How to save money when you buy a house – the Everydata way

Source: Wikipedia

Source: Wikipedia

You’ve decided it’s time to stop renting and own your home. But do you know the 3 questions that can save you money when you buy a house?

Which “comps” are being used? Oftentimes, real estate agents will run “comps,” or comparisons of houses in the area, to show you how much a house should cost. But, an agent who wants to justify a higher price for a house may cherry pick certain comps to show you. Make sure you’re looking at all the comparable houses in your neighborhood.

How accurate is the Zillow data? Many people use Zillow to negotiate the price of a home. As we explain in our book, Zillow gives a “Zestimate” that estimates the price of a house. But only half of these Zestimates in a neighborhood are within what they call their median error rate. For example, if you’re trying to buy a home with a Zestimate of $500,000, even if it’s one of the houses within a median error rate of 5 percent, that means it could be $25,000 more or less than the estimate. That’s a $50,000 range – which gives you a lot of negotiating room. And remember, only half of the homes are even within the median error rate – the rest are outside of this $50,000 range.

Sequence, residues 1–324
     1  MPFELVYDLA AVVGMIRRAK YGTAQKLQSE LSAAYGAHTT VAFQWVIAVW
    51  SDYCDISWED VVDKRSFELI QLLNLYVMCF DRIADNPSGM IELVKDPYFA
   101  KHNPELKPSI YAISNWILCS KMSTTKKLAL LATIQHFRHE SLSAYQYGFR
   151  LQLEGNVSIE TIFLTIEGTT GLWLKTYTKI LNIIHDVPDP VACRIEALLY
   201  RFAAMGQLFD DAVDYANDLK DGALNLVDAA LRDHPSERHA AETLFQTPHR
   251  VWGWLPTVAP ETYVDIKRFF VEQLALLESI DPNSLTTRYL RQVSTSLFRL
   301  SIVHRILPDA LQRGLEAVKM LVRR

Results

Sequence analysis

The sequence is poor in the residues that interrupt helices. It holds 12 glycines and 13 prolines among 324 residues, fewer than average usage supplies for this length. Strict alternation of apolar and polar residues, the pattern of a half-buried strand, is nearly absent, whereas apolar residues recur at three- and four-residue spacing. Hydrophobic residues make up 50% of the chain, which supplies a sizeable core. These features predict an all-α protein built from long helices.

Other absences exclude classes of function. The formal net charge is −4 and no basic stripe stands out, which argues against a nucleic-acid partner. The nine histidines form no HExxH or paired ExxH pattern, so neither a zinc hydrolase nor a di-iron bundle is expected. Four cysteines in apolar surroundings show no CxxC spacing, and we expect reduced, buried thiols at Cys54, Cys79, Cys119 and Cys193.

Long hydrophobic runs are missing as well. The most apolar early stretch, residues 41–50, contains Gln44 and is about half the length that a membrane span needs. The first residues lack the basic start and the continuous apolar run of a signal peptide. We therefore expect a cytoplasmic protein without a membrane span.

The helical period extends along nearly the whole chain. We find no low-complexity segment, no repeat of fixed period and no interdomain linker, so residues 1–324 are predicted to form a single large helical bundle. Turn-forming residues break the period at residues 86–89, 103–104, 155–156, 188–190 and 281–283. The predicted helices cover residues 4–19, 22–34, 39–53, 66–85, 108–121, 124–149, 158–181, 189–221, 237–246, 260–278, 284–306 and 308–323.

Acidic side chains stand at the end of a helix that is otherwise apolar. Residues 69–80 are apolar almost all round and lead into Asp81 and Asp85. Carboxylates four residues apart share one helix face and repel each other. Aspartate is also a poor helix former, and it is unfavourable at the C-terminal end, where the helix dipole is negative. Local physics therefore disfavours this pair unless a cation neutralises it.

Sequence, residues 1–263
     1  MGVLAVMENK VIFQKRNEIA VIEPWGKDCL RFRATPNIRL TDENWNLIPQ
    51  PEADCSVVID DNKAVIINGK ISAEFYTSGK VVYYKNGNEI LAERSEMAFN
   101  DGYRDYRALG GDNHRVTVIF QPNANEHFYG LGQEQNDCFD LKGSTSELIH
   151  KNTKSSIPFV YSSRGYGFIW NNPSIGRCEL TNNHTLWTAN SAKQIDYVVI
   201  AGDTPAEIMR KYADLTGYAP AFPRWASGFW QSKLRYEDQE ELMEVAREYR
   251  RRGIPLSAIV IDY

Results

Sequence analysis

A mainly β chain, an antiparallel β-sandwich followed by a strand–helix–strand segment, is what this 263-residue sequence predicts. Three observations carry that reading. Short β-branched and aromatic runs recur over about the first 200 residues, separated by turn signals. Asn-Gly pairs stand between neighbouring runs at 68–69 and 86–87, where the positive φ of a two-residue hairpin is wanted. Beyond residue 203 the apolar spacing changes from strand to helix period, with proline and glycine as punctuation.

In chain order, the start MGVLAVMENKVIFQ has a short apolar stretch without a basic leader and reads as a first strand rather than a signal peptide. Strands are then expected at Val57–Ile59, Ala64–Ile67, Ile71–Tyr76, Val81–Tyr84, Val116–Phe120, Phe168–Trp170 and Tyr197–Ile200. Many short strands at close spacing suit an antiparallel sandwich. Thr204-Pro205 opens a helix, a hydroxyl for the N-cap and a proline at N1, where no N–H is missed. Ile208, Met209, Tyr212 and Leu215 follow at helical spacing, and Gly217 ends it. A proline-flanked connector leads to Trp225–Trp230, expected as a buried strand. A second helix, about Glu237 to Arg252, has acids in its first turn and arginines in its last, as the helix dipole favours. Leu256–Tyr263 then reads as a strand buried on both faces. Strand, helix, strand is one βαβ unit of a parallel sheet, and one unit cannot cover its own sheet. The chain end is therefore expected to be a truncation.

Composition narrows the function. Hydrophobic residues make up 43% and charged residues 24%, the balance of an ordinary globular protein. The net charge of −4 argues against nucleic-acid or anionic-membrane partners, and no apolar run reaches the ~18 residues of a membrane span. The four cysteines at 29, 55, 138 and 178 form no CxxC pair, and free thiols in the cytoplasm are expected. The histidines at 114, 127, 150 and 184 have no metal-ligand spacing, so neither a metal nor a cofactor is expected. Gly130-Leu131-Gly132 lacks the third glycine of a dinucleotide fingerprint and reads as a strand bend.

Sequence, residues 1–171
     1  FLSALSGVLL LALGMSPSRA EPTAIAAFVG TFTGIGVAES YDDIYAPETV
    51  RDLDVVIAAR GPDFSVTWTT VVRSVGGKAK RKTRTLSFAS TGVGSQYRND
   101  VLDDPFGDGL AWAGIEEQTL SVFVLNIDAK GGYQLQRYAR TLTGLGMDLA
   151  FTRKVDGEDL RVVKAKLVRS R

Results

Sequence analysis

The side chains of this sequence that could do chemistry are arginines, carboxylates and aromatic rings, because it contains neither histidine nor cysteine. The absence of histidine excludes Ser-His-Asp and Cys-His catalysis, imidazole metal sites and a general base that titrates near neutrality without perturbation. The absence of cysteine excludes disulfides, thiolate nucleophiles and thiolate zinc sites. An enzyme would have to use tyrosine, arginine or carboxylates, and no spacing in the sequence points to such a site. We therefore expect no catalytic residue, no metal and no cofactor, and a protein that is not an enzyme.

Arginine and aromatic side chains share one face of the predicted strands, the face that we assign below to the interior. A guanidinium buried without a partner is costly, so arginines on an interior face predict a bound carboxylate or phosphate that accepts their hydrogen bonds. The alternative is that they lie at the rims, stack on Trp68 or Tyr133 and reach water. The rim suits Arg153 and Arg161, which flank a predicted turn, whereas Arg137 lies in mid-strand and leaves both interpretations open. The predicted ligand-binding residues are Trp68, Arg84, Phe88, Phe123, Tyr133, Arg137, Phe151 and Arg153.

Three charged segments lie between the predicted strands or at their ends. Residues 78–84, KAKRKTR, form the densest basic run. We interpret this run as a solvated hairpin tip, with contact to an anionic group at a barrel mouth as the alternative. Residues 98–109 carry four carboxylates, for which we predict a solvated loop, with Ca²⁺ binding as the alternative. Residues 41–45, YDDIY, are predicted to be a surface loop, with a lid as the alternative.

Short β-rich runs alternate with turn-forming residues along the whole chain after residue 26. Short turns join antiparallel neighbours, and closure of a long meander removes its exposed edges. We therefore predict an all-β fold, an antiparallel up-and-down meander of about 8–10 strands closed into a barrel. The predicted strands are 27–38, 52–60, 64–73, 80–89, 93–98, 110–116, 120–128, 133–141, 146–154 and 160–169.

Is this a good time to buy a house? You tell your parents buying a home is a great investment since prices are up 180 percent. Your Dad says you’re making a huge mistake because housing prices are actually down nearly 20 percent? Who’s right? You both could be – it just depends how many months (or years) of data you’re looking at. Anytime you’re looking at historical data – as you are with home prices – consider the date range carefully.

Want more ways to improve your life using data? Sign up for our newsletter today!